Written by: Mark Boal
Starring: Jeremy Renner, Anthony Mackie, Brian Geraghty, Evangeline Lilly, Ralph Fiennes, David Morse
Not all jobs are made with the same pressures of what can occur if a screw-up occurs. For some, it could be a small grammatical error that can be fixed but for the men we follow in The Hurt Locker, it has the possibility to end with a bomb going off. A high-pressure position made for those who can pull it off and this feature tries to dig into what this type of person could look like, warts and all.
Heading out to serve with a unit during the Iraq War, Sergeant First Class William James (Jeremy Renner) specializes in defusing bombs and has quite the record. Now teaming up with Sergeant J. T. Sanborn (Anthony Mackie) and Specialist Owen Eldridge (Brian Geraghty), they go where they’re needed to defuse bombs where each new mission could be their last.
The amount of pressure in trying to put out a bomb with the rightful fear that it could blow up completely boggles the mind and makes you wonder what type of person would willingly take on this position. Yes, very noble as it can save a plethora of lives if done well but going into every call for a potential bomb comes with the reality that it could be your last day on Earth. You have to imagine you must enter each new day having made your peace in the world knowing the danger that comes with the position. This tension continually sits on the surface when watching The Hurt Locker and it reminds me of its highest attribute.
With the hot Iraqi sun continually beaming on the faces of the three characters we follow throughout, they have to hold all of this gear all of the time, move about with paranoia all before actually having to defuse bombs. An insane amount of pressure gets put on them, which makes their cohesion as a team so vital. As you can imagine with this being a feature film, smooth sailing does not really come so easily because it takes a specific kind of person to try and defuse these bombs. The type of person who can easily throw caution to the wind seeing as any bomb could be the one blowing them to smithereens. Almost a cavalier attitude, which gets seen through William James, and how he gives the appearance of how much he loves doing this particular job and the thrill it gives him. He even keeps reminders of the bombs he has defused in a little crate under his bed. This work needs individuals made from a different substance and part of what makes this feature so fascinating is seeing how this plays out in the three men.
James obviously stands out as the maverick of the group but Sanborn and Eldridge each bring something different and defining to the group because of trying to keep themselves alive and handle the erratic nature of James. It becomes a juggling act between the three to see who can keep the other alive long enough for each of them to go home. The narrative certainly provides many moments where it becomes a doubt of whether or not these individuals will take another breath but it makes for such a pulse-pounding and tense story. It’s all anyone could ask for, but this feature pushes it even further by adding other elements to the feature outside of the American troops in Afghanistan as it includes other players applying their trade in a warzone, like mercenaries.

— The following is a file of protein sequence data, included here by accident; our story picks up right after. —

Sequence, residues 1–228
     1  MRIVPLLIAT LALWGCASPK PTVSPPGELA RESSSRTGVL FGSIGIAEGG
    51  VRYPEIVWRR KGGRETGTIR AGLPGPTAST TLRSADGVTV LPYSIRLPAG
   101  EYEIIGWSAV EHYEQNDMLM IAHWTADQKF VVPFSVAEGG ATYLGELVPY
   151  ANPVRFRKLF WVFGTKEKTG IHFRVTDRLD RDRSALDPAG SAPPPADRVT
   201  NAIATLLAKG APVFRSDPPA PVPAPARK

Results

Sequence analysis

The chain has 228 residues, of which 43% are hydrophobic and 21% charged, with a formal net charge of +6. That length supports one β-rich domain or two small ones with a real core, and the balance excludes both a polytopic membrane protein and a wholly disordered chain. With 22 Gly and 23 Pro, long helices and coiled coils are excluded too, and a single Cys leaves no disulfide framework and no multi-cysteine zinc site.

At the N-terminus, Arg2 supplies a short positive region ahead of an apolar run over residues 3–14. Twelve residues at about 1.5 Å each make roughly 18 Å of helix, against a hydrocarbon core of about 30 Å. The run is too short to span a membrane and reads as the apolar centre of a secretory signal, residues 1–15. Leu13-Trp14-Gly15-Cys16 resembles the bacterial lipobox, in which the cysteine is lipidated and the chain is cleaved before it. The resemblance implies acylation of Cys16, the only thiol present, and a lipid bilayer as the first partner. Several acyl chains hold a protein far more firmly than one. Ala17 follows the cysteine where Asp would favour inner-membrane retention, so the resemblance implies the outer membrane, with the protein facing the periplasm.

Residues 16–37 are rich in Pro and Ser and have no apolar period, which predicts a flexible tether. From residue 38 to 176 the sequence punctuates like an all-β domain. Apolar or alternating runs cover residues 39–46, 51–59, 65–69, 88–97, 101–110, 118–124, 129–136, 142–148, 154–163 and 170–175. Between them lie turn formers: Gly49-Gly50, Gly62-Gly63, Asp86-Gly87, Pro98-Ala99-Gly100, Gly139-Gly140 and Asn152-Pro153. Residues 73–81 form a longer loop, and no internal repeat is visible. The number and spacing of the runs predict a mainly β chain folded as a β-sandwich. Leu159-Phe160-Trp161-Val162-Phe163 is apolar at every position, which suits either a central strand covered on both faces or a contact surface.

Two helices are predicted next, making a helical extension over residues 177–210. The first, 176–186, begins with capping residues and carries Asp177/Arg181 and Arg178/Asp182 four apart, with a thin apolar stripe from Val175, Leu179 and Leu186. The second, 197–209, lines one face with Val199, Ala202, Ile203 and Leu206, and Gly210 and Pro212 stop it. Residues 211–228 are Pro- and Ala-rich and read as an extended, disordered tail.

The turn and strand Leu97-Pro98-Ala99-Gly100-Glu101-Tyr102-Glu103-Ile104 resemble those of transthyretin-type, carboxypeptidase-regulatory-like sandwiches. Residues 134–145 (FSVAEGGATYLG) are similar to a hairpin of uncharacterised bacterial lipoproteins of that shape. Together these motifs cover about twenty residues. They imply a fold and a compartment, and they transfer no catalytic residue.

In the midst of just trying to do their job, the trio we follow runs into a group of British mercenaries, which begs the question of their presence in this area. It allows for a larger discussion about those with interested stakes in what occurs in Iraq. Obviously, the horrible war raged there by the United States for seemingly no reason other than profiting from the oil and paying private contractors through taxpayer money. This surely does not take away from the work done by the soldiers on the field who sacrificed their lives for a farce in the grand scheme of things, but the bomb squads like the one followed here saved lives in defusing the way they did. Similarly, others found the opportunities like these mercenaries to capture those on the “Most Wanted” list in order to make their own pocket of change. This shows a difference of intention between the set of characters with the military men doing what they do under the belief of it being for the greater good on a micro level where these mercenaries see the war as a chance to make a profit. Everyone makes money except for the people of Iraq having to live a life full of unimaginable danger.
Even with a strong screenplay melding the film together and some strong performance by the cast, this film belongs first and foremost to Kathryn Bigelow. One of the modern pioneers for female filmmakers, she rightfully won Best Director at the Academy Awards for this feature and became the first woman to achieve the feat. How she’s able to maintain the tension and stress these men must encounter is nothing short of superb. She demonstrates exceptional control of the narrative and remains incredibly precise in what she wants to communicate through this feature where this life-risking behavior almost becomes a drug to James and he needs the thrill of it all. Working as part of a bomb squad may not be the healthiest way to go about it, but Bigelow ensures to frame the story in a way to respect his mindset, even if it does not represent the majority of soldiers in the military.
Fiercely constructed with plenty of thrills laced throughout, The Hurt Locker feels like quite the timestamp for perceptions of the Iraq War released several years after the start. It provides a different perspective and even with veterans coming out and denouncing the feature’s depiction of characters like James as authentic to the real experience of a soldier, this feature portrays a singular viewpoint and does it well. The accuracy may be a bit off but the content of the narrative remains strong.